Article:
I’ve loved science for as long as I can remember. At first I thought I would study science to become a doctor, but when I started taking classes as a student at the University of Redlands, I realized my passion is chemistry and I want to pursue research as a career.
That’s one reason why I am so happy to be participating in the University’s Student Science Research program. Thanks to support from the Larry and Rita Seratt King Endowment for Student Science Research, I have the opportunity to spend all day in the lab and really make progress on my research! The experience will also be a big plus when I start applying to Ph.D. programs in biochemistry or organic chemistry, which, since I’m a senior, I plan to do this fall.
Professors Dan Wacks and David Soulsby have been my mentors at Redlands. Not only have they guided my research, advised me on classes, and taught me hands-on laboratory techniques, they have been endlessly patient answering all my questions about graduate programs!
In the lab this summer, I am continuing a project I started last year: determining the carbon hierarchy for a bacterium called Sinorhizobium meliloti. This means I am trying to determine which carbon source S. meliloti prefers to consume.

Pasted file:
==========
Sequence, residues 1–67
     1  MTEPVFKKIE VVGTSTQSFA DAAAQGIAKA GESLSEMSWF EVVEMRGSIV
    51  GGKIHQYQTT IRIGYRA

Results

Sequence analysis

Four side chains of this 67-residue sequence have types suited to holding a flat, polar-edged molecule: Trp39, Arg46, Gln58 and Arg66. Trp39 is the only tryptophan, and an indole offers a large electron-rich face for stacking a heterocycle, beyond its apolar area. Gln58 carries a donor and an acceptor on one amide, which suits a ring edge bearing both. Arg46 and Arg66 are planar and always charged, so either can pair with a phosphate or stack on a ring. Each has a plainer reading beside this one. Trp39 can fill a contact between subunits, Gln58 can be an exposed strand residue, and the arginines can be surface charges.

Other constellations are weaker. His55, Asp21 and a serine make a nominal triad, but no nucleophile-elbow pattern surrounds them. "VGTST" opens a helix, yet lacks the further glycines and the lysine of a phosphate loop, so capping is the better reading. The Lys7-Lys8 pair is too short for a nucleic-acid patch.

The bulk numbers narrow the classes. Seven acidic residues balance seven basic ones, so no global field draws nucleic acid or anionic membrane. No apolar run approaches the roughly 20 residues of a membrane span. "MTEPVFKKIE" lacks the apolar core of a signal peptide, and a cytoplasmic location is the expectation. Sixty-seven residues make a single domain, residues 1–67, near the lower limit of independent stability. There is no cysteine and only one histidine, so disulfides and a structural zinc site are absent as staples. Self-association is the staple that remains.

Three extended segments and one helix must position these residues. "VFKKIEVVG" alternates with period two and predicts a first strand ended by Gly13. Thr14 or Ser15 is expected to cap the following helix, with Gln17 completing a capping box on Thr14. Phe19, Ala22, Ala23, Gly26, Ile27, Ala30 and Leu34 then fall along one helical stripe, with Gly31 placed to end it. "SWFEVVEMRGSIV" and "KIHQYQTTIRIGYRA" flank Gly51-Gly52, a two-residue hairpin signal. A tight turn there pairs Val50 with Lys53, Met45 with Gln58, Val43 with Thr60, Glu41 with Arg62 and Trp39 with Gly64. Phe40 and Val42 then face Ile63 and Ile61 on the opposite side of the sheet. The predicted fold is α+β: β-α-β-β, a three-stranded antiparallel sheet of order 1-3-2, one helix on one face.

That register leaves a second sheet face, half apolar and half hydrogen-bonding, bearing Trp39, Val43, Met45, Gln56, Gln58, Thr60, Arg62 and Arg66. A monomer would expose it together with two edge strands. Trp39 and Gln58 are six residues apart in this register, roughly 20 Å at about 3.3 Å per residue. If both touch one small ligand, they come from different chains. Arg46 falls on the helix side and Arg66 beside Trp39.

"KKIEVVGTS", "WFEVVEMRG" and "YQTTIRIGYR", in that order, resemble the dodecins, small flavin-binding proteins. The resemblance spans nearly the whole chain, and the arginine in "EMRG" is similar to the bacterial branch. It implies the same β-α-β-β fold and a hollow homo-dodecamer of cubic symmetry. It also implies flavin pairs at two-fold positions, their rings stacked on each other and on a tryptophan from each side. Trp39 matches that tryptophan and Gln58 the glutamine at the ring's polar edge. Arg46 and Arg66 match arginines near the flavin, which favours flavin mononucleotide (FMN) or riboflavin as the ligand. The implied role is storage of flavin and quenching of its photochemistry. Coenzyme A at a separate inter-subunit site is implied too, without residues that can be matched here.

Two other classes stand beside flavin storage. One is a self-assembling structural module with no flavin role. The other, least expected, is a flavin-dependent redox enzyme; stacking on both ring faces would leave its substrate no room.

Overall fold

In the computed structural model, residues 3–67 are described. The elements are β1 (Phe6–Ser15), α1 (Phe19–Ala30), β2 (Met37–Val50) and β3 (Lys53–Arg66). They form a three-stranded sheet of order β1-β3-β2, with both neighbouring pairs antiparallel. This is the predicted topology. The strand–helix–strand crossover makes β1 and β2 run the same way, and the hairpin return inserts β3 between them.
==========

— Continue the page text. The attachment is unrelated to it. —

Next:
This research has real-world implications. S. meliloti is a model organism for a class of bacteria, rhizobia, that tend to form symbiotic relationships with legumes; the bacteria transform atmospheric nitrogen into ammonia, a form of nitrogen the legume can consume. This relationship is extremely important because legumes make up a large portion of the crops in the United States. Determining the carbon hierarchy could help reduce farmers’ reliance on environmentally harmful nitrogen-rich fertilizers.
I will present my research at the U of R Student Science Poster Session on September 26 and as part of the chemistry major’s research requirement in the spring. I’ve also applied to present my work at a Southern California Conferences for Undergraduate Research gathering this fall.
It’s going to be a busy year! As a senior, I will also be president of Mortar Board (an honor society for seniors), vice president of honor society Omicron Delta Kappa, co-president of the Chemistry Club, and member of Alpha Phi Omega (a national Greek organization focusing on community service) and Phi Sigma (a biology honor society).
The one-on-one interactions with professors, generosity of donors, and strong sense of community at the University of Redlands has opened so many doors for me! Redlands has been everything I hoped for and more.